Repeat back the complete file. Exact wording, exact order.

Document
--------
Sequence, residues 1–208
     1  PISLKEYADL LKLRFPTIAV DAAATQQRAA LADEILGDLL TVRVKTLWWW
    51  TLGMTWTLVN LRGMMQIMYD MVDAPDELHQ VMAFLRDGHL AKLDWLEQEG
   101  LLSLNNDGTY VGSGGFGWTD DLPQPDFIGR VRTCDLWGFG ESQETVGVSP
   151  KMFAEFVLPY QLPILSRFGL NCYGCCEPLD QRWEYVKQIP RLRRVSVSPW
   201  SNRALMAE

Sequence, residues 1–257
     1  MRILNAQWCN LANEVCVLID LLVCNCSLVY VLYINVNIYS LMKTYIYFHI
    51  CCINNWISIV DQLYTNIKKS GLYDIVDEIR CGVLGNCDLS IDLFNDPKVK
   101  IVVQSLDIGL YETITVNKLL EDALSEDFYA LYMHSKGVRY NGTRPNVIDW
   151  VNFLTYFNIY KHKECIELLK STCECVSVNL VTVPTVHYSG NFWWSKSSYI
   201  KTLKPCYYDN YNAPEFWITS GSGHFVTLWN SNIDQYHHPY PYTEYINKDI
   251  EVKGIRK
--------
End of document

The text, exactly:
Sequence, residues 1–208
     1  PISLKEYADL LKLRFPTIAV DAAATQQRAA LADEILGDLL TVRVKTLWWW
    51  TLGMTWTLVN LRGMMQIMYD MVDAPDELHQ VMAFLRDGHL AKLDWLEQEG
   101  LLSLNNDGTY VGSGGFGWTD DLPQPDFIGR VRTCDLWGFG ESQETVGVSP
   151  KMFAEFVLPY QLPILSRFGL NCYGCCEPLD QRWEYVKQIP RLRRVSVSPW
   201  SNRALMAE

Sequence, residues 1–257
     1  MRILNAQWCN LANEVCVLID LLVCNCSLVY VLYINVNIYS LMKTYIYFHI
    51  CCINNWISIV DQLYTNIKKS GLYDIVDEIR CGVLGNCDLS IDLFNDPKVK
   101  IVVQSLDIGL YETITVNKLL EDALSEDFYA LYMHSKGVRY NGTRPNVIDW
   151  VNFLTYFNIY KHKECIELLK STCECVSVNL VTVPTVHYSG NFWWSKSSYI
   201  KTLKPCYYDN YNAPEFWITS GSGHFVTLWN SNIDQYHHPY PYTEYINKDI
   251  EVKGIRK